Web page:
Nayla Dabaji, The world is turned upside down, 2015 : a remake of Pieter’s Bruegel “Netherlandish Proverbs”, 1559
Projected image with ambient sound


“To look through one’s fingers” (To turn a blind eye)
“It depends on the fall of the cards” (It’s up to chance)
“To bang one’s head against a brick wall” (To try to achieve the impossible)
“To gaze at the stork” (To waste one’s time)
“To throw one’s money into the water” (To waste one’s money)
“To be barely able to reach from one loaf to another” (To have difficulty living within budget)
“To hold an eel by the tail” (To undertake a difficult task)
“It is ill to swim against the stream” (It is difficult to oppose the general opinion)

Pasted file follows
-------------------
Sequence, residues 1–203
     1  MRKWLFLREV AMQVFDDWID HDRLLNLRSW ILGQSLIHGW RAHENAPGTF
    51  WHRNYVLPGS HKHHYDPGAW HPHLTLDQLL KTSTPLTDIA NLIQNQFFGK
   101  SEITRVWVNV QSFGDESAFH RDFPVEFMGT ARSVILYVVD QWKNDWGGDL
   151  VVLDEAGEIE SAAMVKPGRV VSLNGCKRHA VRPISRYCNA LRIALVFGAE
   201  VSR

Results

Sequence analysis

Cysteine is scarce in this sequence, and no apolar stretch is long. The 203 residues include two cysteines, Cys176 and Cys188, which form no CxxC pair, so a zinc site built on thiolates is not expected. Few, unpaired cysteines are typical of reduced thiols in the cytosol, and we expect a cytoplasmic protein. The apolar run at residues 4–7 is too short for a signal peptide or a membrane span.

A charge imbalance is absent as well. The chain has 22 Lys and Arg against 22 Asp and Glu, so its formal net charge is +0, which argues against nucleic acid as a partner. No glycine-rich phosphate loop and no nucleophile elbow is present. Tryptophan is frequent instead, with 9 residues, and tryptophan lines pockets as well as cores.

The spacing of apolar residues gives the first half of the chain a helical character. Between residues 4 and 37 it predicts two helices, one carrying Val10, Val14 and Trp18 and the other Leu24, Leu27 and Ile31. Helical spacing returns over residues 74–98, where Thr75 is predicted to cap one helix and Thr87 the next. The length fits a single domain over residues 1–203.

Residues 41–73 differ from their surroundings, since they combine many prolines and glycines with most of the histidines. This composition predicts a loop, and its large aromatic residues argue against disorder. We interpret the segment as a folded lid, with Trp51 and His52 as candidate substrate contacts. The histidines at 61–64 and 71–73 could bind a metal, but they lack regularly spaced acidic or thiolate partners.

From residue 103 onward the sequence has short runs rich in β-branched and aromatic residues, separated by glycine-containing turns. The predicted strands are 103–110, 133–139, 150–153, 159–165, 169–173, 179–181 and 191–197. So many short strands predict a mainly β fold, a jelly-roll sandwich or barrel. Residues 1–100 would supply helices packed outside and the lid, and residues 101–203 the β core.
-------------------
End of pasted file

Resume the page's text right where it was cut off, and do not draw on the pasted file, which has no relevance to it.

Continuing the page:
“Wild bears prefer each other’s company” (Peers get along better with each other than with outsiders)
“Who knows why geese go barefoot?” (There is a reason for everything, though it may not be obvious)
“To drag the block” (To be deceived by a lover or to work at a pointless task)
“To be armed to the teeth” (To be heavily armed)
“To fall through the basket” (To have your deception uncovered)
“To run like one’s backside is on fire” (To be in great distress)
“To have the world spinning on one’s thumb” (To have every advantage)
“To toss feathers in the wind” (To work fruitlessly)
“He who has spilt his porridge cannot scrape it all up again” (Once something is done it cannot be undone)
“Never believe someone who carries fire in one hand and water in the other” (To be two-faced and to stir up trouble)
“To carry the day out on baskets” (To waste one’s time)
“To fall from the ox onto the rear end of an ass” (To fall on hard times)
“To fish behind the net” (To miss an opportunity)

* Source of the translation